Bernard Golden, vice president of cloud strategy at Capital One and one of Wired's top 10 cloud influencers, said open-source projects are showing the kinds of innovation that organizations want to take advantage of.

"Open source is complementary to cloud computing in the sense that you can use open source in your own environment. It doesn't have anything to do with using a public cloud provider, but it's very complementary because an awful lot of the cloud services are open source–based."
Bernard Golden

Golden said open-source licensing fits a lot better if you're operating something at scale, because organizations build some applications today that they could never afford a proprietary license for before. "So open source makes perfect sense for that as well."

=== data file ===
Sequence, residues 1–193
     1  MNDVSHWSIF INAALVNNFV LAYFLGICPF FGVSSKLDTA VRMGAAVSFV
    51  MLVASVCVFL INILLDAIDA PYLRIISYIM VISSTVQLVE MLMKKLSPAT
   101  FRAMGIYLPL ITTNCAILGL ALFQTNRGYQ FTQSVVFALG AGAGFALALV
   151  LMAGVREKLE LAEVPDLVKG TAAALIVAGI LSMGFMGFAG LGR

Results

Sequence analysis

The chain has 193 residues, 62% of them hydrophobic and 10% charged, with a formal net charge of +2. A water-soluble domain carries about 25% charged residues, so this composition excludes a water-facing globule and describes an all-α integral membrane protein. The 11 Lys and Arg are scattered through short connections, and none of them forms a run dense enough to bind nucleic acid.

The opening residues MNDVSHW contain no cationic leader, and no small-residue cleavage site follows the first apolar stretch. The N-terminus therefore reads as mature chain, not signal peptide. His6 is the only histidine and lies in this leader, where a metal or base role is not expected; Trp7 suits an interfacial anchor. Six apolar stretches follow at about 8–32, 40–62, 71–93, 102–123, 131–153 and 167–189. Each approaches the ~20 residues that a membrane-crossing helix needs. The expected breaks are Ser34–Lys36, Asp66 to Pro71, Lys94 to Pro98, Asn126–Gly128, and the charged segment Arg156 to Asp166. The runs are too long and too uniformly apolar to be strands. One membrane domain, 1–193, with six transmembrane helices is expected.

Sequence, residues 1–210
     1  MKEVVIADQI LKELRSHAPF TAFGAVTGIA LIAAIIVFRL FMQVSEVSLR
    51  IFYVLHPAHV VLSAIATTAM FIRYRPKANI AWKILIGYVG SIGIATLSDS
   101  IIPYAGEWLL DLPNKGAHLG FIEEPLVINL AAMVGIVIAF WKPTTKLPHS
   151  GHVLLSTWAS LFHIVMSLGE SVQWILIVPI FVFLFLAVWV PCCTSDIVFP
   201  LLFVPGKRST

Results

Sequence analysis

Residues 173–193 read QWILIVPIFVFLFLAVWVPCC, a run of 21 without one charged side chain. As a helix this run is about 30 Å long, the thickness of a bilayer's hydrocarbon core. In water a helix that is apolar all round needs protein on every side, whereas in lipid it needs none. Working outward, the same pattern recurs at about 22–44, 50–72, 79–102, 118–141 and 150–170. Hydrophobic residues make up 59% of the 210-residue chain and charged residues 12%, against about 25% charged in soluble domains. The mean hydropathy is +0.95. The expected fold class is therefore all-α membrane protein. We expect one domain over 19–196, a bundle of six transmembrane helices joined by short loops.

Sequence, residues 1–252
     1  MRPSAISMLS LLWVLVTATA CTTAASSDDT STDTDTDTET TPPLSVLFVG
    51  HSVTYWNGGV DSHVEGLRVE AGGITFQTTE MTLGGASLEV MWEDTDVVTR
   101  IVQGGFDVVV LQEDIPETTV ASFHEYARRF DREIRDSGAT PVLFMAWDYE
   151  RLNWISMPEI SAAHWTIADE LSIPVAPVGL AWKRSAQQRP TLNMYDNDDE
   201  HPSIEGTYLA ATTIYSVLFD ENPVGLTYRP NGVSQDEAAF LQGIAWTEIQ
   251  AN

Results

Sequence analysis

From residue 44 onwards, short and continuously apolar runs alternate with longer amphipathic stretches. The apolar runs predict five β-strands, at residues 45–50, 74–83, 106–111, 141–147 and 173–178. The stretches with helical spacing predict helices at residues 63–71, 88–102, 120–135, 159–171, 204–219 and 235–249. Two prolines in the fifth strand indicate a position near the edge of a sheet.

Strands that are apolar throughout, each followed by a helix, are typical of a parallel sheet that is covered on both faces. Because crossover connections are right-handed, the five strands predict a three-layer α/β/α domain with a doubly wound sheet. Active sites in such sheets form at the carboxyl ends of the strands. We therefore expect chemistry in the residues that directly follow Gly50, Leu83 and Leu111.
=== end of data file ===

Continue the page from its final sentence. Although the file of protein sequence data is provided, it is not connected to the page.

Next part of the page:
Embrace open source

The open cloud toolbox is deep, and it includes a wide range of solutions, including IaaS platforms such as  OpenStack and Red Hat CloudForms, monitoring tools such as  Zabbix, container and orchestration software like Docker and Kubernetes, and continuous integration and deployment tools such as  GitHub, Jenkins, and Apache.

Which tools you need will depend on where you want to focus your open-source efforts, Golden said. "If you want to implement your own cloud, then OpenStack and Red Hat CloudForms might be viable solutions. But a huge impetus behind using Kubernetes" comes from organizations that don't want to build their own cloud infrastructures, preferring instead to focus on the application.